Case II: Athletic favoritism
The Michigan Daily-Wednesday, October 15, 1980-Page 9
Catchy 'Go Blue'melody
was invented rih ere t
The veteran players on the Michigan hockey team will
tell you that it only happens once in a lifetime, and that
anybody can recover from such a beating. So what if you
get all the hair on your body shaved off? After all,
masculinity only counts in the chromosomes.
The hazing of a freshman Wolverine hockey player
who was about to embark on a dream voyage on the Yost
Arena ice, goes far beyond the act of hazing itself. The
jelly and egg stains, the shaved hair, the involuntary
drunkenness ... you can consider that water under the
bridge for now.
Call it what you will-disgusting, degrading,
sickening, insane-any adjective of the sort will do. It's
all part of that sometimes-familiar process called
hazing, whereby one is initiated through a rather tor-
turous set of rituals.
If he's willing to pass off the events of Sunday as "part
of the plan," then we cannot belabor the criticism of his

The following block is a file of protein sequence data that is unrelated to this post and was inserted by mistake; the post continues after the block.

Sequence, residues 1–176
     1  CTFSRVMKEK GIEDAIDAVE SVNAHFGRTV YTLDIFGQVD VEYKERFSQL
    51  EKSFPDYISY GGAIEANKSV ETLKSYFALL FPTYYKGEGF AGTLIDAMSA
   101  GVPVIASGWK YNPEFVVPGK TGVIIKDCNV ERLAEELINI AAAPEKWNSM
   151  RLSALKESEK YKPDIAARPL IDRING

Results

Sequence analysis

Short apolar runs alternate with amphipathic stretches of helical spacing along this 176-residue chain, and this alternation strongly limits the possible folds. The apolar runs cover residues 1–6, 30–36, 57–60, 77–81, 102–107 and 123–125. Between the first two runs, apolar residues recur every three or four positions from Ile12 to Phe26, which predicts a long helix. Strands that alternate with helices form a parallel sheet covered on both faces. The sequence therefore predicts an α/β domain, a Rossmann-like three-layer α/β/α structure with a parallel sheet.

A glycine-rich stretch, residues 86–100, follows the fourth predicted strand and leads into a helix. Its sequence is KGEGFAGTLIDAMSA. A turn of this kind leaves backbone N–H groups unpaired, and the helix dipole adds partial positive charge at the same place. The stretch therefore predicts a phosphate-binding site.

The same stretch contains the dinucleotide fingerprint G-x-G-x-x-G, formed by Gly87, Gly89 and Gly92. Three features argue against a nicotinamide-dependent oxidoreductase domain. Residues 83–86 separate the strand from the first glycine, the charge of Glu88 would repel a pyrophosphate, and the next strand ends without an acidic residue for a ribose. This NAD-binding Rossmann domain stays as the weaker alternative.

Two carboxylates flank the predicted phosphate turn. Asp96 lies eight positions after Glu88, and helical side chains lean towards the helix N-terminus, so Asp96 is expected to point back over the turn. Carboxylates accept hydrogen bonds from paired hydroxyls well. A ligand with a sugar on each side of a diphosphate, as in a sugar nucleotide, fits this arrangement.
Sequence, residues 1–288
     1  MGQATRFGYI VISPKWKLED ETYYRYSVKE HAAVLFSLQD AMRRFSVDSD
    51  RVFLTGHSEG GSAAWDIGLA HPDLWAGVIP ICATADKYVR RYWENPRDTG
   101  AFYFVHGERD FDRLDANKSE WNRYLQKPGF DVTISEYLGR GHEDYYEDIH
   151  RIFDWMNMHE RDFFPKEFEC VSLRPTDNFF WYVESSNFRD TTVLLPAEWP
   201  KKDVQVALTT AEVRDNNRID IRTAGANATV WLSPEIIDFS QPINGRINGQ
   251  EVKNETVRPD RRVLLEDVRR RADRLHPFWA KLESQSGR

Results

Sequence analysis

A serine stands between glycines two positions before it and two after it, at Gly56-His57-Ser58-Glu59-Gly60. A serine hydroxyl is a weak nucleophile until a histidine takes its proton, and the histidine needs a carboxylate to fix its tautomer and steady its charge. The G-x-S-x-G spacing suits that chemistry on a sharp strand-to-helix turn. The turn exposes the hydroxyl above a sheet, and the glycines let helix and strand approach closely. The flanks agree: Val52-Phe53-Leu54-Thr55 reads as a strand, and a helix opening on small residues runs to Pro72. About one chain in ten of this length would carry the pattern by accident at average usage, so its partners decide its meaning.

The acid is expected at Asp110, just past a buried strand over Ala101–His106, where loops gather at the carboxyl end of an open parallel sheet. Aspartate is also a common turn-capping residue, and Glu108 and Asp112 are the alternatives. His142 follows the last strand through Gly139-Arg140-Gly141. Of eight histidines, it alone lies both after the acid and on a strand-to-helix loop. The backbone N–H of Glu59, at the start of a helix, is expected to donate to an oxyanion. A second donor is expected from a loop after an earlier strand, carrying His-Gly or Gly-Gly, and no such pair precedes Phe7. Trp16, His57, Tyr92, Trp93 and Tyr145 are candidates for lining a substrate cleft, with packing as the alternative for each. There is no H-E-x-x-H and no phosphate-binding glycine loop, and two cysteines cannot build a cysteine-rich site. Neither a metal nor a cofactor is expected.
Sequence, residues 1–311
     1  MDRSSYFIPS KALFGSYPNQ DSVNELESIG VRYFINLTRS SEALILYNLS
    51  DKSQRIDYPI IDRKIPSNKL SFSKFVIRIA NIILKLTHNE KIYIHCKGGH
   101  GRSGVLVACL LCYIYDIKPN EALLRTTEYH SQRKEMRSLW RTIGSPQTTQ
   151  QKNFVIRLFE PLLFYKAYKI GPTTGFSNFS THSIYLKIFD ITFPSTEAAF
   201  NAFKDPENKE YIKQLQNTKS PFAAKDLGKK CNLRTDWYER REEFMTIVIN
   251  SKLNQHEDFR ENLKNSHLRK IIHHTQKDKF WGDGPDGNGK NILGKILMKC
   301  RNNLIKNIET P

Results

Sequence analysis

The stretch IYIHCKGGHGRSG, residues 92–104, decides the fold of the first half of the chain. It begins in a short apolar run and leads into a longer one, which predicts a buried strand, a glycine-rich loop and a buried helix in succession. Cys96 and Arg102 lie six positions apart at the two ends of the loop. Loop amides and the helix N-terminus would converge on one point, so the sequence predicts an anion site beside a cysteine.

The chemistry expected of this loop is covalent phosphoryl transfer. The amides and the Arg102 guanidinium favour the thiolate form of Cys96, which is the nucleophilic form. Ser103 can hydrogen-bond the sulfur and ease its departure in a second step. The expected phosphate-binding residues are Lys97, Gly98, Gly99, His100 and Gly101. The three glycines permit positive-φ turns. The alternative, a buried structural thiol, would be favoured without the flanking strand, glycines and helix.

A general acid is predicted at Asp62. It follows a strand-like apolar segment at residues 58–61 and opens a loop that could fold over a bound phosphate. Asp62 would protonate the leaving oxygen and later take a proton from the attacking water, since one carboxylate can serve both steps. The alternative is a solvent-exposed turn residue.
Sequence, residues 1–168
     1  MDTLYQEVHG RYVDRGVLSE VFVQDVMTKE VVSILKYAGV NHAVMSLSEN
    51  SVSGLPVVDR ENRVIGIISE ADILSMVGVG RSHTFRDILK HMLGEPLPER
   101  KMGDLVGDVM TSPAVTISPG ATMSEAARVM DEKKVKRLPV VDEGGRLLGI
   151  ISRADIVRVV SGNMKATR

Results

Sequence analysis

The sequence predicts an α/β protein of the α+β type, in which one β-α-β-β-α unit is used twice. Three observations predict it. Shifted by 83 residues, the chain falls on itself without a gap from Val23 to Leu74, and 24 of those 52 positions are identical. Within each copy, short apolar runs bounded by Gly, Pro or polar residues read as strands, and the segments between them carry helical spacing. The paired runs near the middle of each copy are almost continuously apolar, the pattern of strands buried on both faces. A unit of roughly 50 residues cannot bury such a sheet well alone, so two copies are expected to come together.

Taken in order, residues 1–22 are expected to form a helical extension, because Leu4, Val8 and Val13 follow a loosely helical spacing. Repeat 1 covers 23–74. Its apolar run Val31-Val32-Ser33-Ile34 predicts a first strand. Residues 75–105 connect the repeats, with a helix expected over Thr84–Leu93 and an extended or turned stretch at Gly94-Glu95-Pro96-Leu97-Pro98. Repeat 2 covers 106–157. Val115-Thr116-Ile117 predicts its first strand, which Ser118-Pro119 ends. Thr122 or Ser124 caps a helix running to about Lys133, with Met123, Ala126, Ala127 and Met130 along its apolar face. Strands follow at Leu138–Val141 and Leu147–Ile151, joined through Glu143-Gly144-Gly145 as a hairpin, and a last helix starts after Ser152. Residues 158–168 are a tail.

hazing-as unjust. If his primary goal is to play hockey for
Michigan, and to play it with the same men who left him
naked and shivering in near-freezing temperatures, then
he will empty his mind of this horror story and play the
same brand of hockey he has always played.
Or will he? The body recovers, but the mind doesn't
always follow suit. Could he have falshbacks of the in-
cident later in the season? Would it be too far-fetched to
presuppose the possibility of nightmares? Since I've
never gone through a hazing, I'm in no position to
forecast any post-hazing implications. But the first-year
icer appears to have suffered through a far greater
trauma than any of his peers or predecessors.
These hockey players, like the football players seven
months before them, should consider themselves a lucky
group. They took unlimited license to brutalize and
terrorize another human being to the brink of death, yet
they are likely to come away from the incident legally
unscathed. Football players can immerse themselves in
the drug market, but they too, have been granted im-
munity from legal sanctions.
Perhaps we should all join the ranks of Michigan
athletics; in that regard, we could sidestep the law and
get away with it. You don't accomplish much beyond ego
damage if you impose "sanctions" on these people. As a
matter of fact, Don Canham would surprise quite a few
people if he took any "drastic" action, such as suspen-
ding the players.
The players apologize and pledge to cease any further
rites of fear, some initiation, President Shapiro calls the
action "deplorable" and "unacceptable," and the cur-
tain is closed on yet another I'm-above-the-law drama at
Don Canham is letting it blow by without much more